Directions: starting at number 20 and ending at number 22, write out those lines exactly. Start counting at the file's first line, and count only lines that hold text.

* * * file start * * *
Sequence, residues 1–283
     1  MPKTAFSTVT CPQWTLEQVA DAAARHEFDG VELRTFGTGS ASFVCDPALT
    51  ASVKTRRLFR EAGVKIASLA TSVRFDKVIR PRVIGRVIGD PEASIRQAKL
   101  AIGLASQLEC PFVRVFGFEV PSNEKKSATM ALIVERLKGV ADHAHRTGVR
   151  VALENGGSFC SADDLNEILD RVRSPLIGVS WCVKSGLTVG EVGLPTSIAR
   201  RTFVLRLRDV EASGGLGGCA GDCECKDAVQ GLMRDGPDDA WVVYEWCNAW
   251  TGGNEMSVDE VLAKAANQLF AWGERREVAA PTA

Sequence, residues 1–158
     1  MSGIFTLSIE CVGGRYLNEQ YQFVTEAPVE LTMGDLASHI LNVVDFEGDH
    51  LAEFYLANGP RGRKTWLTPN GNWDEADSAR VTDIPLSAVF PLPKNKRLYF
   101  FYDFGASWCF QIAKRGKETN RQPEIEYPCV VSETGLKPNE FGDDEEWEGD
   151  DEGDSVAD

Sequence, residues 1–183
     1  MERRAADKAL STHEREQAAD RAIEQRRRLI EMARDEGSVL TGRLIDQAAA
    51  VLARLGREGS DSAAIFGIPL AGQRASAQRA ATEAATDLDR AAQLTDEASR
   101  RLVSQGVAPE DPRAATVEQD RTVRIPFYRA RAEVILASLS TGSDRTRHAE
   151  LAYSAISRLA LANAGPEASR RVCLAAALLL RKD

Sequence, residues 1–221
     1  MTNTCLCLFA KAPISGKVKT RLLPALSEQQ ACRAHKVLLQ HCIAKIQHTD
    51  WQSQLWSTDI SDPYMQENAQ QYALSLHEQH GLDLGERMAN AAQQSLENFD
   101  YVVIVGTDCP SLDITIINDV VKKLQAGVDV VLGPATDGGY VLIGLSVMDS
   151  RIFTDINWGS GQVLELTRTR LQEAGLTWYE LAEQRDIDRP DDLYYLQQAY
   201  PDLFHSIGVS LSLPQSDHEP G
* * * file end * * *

    51  WQSQLWSTDI SDPYMQENAQ QYALSLHEQH GLDLGERMAN AAQQSLENFD
   101  YVVIVGTDCP SLDITIINDV VKKLQAGVDV VLGPATDGGY VLIGLSVMDS
   151  RIFTDINWGS GQVLELTRTR LQEAGLTWYE LAEQRDIDRP DDLYYLQQAY